Growing your own has many advantages

by Michael Smith (Veshengro)

Growing your own food is becoming once again more and more popular though, while in some areas an allotment cannot be had for love or money in other boroughs they go begging.

No-Till Gardening When you grow your own you can choose to grow for your own tastes rather than the supermarket conformity and in time you will also chose what to grow because it grows OK in your garden rather than trying to grow everything only to fight a losing battle.

I have just come to that conclusion with regards to my food growing in my at home allotment as some things just will not do well here. There are the slugs and snail to contend with and then the location of this garden – with the property being surrounded by trees – lacks the right light condition for some foods.

Potatoes do well, as do Jerusalem Artichoke (aka Sun Chokes). Beans of all types seem to do fire as do carrots, as long as they are grown “at height” to be safe from the root fly. Some abandoned shopping carts do invaluable service there.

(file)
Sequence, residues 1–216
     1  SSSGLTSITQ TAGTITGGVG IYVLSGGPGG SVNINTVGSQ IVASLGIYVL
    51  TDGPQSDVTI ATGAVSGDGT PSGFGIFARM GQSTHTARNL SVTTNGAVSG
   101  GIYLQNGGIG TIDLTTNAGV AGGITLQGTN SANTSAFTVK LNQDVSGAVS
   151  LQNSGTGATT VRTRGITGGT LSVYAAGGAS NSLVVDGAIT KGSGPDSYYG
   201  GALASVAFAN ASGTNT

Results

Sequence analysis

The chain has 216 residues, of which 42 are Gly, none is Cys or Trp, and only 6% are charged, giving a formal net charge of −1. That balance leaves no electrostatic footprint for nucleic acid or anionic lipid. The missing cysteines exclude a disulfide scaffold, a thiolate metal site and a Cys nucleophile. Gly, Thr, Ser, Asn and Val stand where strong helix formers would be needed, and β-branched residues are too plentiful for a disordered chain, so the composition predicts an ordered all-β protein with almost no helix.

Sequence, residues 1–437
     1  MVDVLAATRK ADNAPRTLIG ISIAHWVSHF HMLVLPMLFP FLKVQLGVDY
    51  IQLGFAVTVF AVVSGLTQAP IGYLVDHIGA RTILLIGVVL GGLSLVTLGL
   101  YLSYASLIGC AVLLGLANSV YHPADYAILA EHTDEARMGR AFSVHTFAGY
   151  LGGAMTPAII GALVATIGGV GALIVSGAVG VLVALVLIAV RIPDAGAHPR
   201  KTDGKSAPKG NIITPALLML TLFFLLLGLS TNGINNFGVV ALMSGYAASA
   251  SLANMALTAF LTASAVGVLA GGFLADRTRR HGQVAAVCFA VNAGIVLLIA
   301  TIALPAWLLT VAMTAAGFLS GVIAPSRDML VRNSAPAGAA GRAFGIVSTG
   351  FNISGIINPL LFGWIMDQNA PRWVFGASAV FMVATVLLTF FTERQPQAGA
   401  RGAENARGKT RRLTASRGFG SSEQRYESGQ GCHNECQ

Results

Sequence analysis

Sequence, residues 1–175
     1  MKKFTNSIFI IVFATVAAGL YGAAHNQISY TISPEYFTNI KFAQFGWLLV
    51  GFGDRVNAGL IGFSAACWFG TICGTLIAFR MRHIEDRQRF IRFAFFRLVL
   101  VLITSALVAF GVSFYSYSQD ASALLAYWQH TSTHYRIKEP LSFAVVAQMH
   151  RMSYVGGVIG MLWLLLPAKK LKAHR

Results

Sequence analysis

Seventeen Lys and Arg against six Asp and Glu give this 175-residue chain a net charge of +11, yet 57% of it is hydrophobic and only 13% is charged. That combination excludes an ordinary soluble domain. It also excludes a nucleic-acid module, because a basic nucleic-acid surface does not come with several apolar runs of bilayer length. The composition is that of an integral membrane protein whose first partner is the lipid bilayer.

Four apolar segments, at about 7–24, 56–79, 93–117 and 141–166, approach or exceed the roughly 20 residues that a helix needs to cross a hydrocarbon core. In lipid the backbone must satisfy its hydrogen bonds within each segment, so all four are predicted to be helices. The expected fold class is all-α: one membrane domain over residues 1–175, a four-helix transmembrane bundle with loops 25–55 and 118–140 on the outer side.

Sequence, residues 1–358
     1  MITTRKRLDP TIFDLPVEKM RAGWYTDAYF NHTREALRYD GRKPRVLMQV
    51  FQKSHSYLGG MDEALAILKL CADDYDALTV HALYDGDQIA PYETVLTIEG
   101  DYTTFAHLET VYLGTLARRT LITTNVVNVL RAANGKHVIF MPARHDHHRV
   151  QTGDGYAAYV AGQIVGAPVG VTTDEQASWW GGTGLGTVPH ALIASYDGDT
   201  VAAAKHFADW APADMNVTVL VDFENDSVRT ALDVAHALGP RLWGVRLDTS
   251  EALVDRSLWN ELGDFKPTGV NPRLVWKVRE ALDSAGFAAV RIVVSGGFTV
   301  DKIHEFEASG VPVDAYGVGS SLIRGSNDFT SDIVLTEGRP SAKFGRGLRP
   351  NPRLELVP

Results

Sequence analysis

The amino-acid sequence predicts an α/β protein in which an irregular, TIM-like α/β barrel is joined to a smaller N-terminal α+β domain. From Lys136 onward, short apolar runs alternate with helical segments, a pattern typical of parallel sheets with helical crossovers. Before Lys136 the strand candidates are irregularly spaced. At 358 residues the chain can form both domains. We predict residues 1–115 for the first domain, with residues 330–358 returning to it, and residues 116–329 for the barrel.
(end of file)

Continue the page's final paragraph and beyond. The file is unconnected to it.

Cucumbers, courgettes (zucchini), marrows, etc., also do well. Tomatoes on the other hand do not and brassicas time and again fall prey to the pigeons and the snails and slugs of all types and sizes.

So, I will be, for the next year, chose carefully what I will bother with and what not, as wasting my time I do not wish to do, as I did with the brassicas this year, once again.

While I know that nets would be fine to keep some things at bay, such as the pigeons and the cabbage white butterfly, etc., the snails and slugs seem to be a great menace that even nematodes and slug pellets have problems dealing with.

One the positive note, as said, growing your own is beneficial in many ways and taste, as far as I am concerned is a great reason, aside from the fact that you can save some money.

One skill I advise anyone to learn who thinks of starting or who has started to do his or her own food growing and that is preserving the harvest in which way ever. Pickling, canning, and all the other ways of old – plus freezing – are the skills to have to not waste the harvest.

So, get to it and touch the soil.

© 2012